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Tucson Weekly Encroachment Art

A New Exhibit At Central Arts Commemorates Humankind's Destruction Of The Earth.

By Margaret Regan

SEPTEMBER 21, 1998:  IN PENNSYLVANIA'S GREEN rolling hills, they're leveling the forest. Along the Florida coast, they're digging up sea turtle habitat. Right here in Arizona, of course, they're blading the desert, scraping bare a saguaro and ironwood ecosystem that's unique on the globe.

Who? The bulldozers, of course. Rolling across America's pristine places at an unprecedented pace, the bulldozers of the 1990s are despoiling habitat and promoting sprawl wherever they go. The show now on at Central Arts Collective, Encroachment: Nowhere to Hide, makes the important point that pitched development battles are hardly confined to our beloved Sonoran Desert. An invitational show juried by UA art prof Moira Marti Geoffrion and three others, it exhibits work by artists from every corner of the land, and the picture isn't pretty. Artists all over, in Alaska, in Idaho, in California, are torn between lamentation and rage.

Richard Armstrong's photographs chronicle the loss of forest and farmland in the Northeast. "Condos and Water Tower, New Hope, Pa." was taken in Pennsylvania's fabled Bucks County, near where I grew up, a place of old stone houses and fields so green they're blue. The picture's long, narrow shape mimics that lovely undulating landscape, but rising out of its autumnal mists are hulking apartment blocks, ungainly and glaring on the horizon. The old houses were built with stones dug up from the fields, and their architecture celebrates their relationship with the land. Not so these new eyesores: They might as well have been dropped from the moon for all the thought that's gone into their context.

Florida artist Kathleen Williams concentrates on the pitiable condition of the animals that once roamed her state's beaches and woods. Florida's strange menagerie of native beasts, alligators and bears and panthers and turtles, have long since mostly given way to Disney detritus and retirement rot. In "Nowhere to Run," a mixed-media photograph, a hapless Florida panther is superimposed on a busy city intersection. Less heavyhanded, and wittier, is her "No Vacancy." All around the perimeter is a collage of Florida vernacular architecture, old-time seaside motels and the like, and they're cramping the sea turtle at the center. It's at once a commentary on environmental degradation and the coming loss of regional variation in architecture.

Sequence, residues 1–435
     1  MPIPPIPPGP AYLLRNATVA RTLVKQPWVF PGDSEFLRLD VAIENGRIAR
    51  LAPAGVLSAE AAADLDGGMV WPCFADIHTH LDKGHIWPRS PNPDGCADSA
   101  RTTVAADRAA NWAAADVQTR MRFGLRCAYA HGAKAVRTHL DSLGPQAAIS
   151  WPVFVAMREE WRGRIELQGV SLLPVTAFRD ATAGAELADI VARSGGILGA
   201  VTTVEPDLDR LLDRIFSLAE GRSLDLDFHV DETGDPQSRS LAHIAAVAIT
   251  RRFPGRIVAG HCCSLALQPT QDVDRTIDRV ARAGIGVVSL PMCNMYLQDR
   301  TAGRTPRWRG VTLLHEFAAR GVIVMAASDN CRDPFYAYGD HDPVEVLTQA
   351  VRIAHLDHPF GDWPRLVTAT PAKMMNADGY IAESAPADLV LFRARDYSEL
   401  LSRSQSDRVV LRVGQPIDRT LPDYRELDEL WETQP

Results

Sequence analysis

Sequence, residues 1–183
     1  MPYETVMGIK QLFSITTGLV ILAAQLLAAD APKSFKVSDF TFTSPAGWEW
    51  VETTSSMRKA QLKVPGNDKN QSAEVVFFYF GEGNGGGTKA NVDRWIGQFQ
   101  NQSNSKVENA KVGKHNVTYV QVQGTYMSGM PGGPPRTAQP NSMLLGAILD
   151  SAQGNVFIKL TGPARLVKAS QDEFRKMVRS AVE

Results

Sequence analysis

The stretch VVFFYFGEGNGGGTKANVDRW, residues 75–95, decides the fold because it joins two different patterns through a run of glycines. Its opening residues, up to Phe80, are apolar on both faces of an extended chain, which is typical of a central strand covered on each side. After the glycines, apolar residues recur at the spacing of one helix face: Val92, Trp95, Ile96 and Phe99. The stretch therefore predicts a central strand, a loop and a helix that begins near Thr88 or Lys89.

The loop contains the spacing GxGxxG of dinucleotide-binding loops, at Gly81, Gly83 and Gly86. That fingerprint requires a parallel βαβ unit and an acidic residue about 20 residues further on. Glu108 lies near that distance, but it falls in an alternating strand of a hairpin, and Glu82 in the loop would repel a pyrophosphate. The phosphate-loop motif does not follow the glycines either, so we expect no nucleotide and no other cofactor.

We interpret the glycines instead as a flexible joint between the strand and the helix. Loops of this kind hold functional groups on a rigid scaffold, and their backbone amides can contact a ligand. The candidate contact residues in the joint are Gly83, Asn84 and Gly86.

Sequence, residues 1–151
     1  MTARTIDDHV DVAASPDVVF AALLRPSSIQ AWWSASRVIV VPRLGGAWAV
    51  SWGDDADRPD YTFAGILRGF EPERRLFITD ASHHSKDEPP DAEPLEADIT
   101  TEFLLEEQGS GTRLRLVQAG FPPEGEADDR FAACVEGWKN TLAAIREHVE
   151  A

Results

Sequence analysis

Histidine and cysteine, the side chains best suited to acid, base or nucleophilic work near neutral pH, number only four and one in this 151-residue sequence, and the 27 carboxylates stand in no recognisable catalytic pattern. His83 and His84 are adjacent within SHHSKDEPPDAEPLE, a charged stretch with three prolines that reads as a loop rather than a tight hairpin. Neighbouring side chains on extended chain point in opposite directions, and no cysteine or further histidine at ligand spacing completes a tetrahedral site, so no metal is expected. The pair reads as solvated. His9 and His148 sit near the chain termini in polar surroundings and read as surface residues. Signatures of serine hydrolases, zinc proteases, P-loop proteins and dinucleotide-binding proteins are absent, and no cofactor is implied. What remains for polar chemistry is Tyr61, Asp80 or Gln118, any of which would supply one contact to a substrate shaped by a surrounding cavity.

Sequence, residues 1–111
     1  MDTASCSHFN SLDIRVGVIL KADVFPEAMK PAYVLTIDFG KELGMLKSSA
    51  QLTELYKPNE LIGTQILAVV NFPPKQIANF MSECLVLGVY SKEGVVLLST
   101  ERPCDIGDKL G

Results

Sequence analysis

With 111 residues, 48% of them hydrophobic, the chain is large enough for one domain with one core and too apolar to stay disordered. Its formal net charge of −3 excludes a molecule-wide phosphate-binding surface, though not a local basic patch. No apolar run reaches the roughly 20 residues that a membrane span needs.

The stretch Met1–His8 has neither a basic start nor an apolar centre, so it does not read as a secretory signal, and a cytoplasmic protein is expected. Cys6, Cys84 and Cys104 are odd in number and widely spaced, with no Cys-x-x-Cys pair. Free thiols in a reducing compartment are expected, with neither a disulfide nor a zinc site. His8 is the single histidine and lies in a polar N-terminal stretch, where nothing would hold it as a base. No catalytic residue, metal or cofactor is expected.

Which brings us to poor Arizona. Charles Hedgcock of Tucson has made a tongue-in-cheek sculptural homage to the instrument of our destruction in "Caged Fetish." A bulldozer of brick-red clay, it's housed inside saguaro ribs and decorated with that yellow tape that goes around construction sites. Archaeologists of the future, Hedgcock seems to be saying, may puzzle over the free rein given to the bulldozer. Like a sacred untouchable, the bulldozer has been allowed to destroy the very places that give us life.

Tucsonan Sharyl Wagner had made a deft planner's drawing, the kind that helps direct the bulldozer to its destructive work. A cyanotype blueprint of a lush desert slope, it's scarred by an overlay of drawings of the regimented houses and palm trees that will soon supplant the wilderness. Wagner's work pointedly critiques not only the appalling design of our new subdivisions, all pink and treeless; her mimicry of architectural drawing chides the professionals who turn their training into such garbage.

The results of these architectural efforts are seen from the air in the work of Adriel Heisey, the aerial photographer who's also exhibiting a whole suite of Sonoran Desert photos out at the Arizona Sonora Desert Museum. "Homes Surrounding Butte, West of Saguaro National Park West" is a gorgeous color photo of the desert in late afternoon, when the butte casts a long shadow onto the valley. But all around this majestic geological formation white houses are littered like so much trash. As Heisey writes in a mournful artist's statement, "The desert offers little camouflage from the air. Intrusions read loud and clear, and remain for years."

Photographer Kent Kochenderfer of Tucson turned his attention to a specific local calamity. "Burned Rillito Cottonwoods" commemorates a thick stand of cottonwoods that once were, along the river that once was. Stressed by the encroachment of the city and long since deprived of their once marshy riverbanks, these trees burned so forcefully this summer that a heavy cloud of smoke choked the city for a day and a night. This beautiful work is a memento mori, colored in elegiac golds, browns and grays, but it's also a sad warning of more losses sure to come.


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